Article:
The 52-foot yawl Dorade was a defining point in Olin’s career. Designed for his father in 1929, Dorade was a revolutionary boat with narrow beam, a deep keel, and an efficient rig for sailing to windward. In 1931 Dorade won the trans-Atlantic race from Newport, Rhode Island to Plymouth, England by a dramatic margin, finishing two days ahead of larger boats. Olin sailed as skipper with his father, brother and four friends. They went on to win the Fastnet Race before returning to New York, where they were welcomed by the mayor with a ticker-tape parade up Broadway. In 1933 Rod returned to England on Dorade to win the Fastnet Race again. The success of Dorade brought many clients to S&S. Olin’s designs dominated ocean racing for the next 50 years, not only in the United States but throughout the world. Many of these boats are still actively sailed.
Rod joined S&S in 1933 and the two brothers worked as an efficient team thereafter. Throughout the 1930s they designed a wide variety of boats. Several evolutionary developments from Dorade were winners in the Bermuda Race, Fastnet Race, and 1935 trans-Atlantic Race. For the America’s Cup races in 1937 Olin was invited to collaborate with Starling Burgess designing Ranger, a breakthrough boat which defeated the British challenger in four straight races. Ranger was the last of the J-boats, 134 feet long overall with a displacement of 165 tons and 7500 square feet of sail area. She was built by Bath Iron Works in Maine. Olin and Rod were members of her racing crew.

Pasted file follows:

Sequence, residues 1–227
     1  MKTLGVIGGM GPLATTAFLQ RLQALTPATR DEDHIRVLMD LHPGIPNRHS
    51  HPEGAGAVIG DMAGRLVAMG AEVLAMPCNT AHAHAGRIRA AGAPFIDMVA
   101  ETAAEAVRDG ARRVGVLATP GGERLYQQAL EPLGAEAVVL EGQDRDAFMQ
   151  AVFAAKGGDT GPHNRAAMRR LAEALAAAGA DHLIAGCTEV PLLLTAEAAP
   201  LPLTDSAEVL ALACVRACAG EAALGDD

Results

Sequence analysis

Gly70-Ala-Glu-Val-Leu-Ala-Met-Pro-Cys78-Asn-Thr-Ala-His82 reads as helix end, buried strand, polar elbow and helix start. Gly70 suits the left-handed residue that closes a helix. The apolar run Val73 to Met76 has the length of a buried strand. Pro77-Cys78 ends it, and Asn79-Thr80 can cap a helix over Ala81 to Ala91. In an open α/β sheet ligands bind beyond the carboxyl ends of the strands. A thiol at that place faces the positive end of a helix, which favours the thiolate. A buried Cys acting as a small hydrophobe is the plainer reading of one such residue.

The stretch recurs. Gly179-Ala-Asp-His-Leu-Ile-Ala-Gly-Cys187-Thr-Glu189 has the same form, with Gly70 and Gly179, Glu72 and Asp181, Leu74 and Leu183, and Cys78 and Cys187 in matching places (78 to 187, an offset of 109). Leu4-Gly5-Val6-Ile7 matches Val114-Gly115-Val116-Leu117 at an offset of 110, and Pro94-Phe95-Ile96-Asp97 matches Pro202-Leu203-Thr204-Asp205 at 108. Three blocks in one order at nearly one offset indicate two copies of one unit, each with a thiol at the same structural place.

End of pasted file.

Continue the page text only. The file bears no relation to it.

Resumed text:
In 1933 Olin began a momentous collaboration with Professor Kenneth Davidson of Stevens Institute of Technology. Davidson was developing techniques for testing small-scale models of sailing hulls, initially in the swimming pool at Stevens and later in a small towing tank. Correlations with the performance of full-scale boats required measurements of the drag and lateral (lift) hydrodynamic forces on the model, and of the corresponding aerodynamic forces on the sails. Olin and Rod made full-scale measurements on the sloop Gimcrack, and Davidson analyzed this data to derive aerodynamic force coefficients for the sails. Olin made shrewd use of these results